Over the 4th of July weekend, anywhere from 800 to 1,500 businesses around the world were affected by a ransomware attack that centered on the U.S. technology firm Kaseya.
The Florida-based company’s CEO said in an interview that it would be difficult to estimate the impact of the July attack because most of the targets hit were the customers of Kaseya’s customers.
Kaseya is a tech company that provides software and IT tools to “outsource firms,” companies that manage back-end tech work for companies that are too small or don’t have the resources to create and manage their own in-house IT departments.
It was one of these software tools that was targeted by the attack, which allowed the hackers behind the attack to paralyze hundreds of businesses across five continents. While most of the targets were of lesser concern, Sweden felt the disruption more keenly when hundreds of their supermarkets lost functionality of their cash registers and had to close. In New Zealand, schools and kindergartens were knocked offline.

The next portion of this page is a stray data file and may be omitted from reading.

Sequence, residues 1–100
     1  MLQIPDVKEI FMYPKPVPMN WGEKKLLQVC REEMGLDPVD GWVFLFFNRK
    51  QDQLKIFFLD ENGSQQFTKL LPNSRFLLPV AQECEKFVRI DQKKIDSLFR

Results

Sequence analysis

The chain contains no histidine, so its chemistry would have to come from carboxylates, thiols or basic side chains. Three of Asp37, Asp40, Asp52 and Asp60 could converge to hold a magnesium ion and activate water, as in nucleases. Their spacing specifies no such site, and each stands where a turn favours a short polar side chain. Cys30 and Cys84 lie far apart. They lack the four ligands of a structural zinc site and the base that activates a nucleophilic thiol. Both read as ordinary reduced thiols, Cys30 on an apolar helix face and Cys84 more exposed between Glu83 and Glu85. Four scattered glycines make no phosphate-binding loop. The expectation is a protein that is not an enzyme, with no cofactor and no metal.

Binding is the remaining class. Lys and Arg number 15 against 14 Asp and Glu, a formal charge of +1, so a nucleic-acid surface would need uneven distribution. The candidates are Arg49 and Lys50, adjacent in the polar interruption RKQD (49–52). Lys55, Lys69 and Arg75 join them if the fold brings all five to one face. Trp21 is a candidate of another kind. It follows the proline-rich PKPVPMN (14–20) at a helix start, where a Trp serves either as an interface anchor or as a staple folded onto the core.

The hackers who have claimed to be responsible for the breach have demanded a ransom to restore all of those affected business’ data — to the tune of $70 million dollars. They have expressed a willingness to negotiate privately with Reuters magazine and a cybersecurity expert.
“We are always ready to negotiate,” a representative of the hackers told Reuters earlier Monday. Fred Voccola, the CEO of Kaseys, has not said whether he would be ready or willing to take up to take up the hackers up on their offer.
As ransomware attacks become more and more disruptive, the topic of digital ransom payments has become more and more topically relevant. Ransomware attacks continue to be lucrative, and it’s unlikely we’ll see a decline in their frequency any time soon.
Stay up to date about the Kaseya ransomware attack with ZDNet’s primer article on the subject.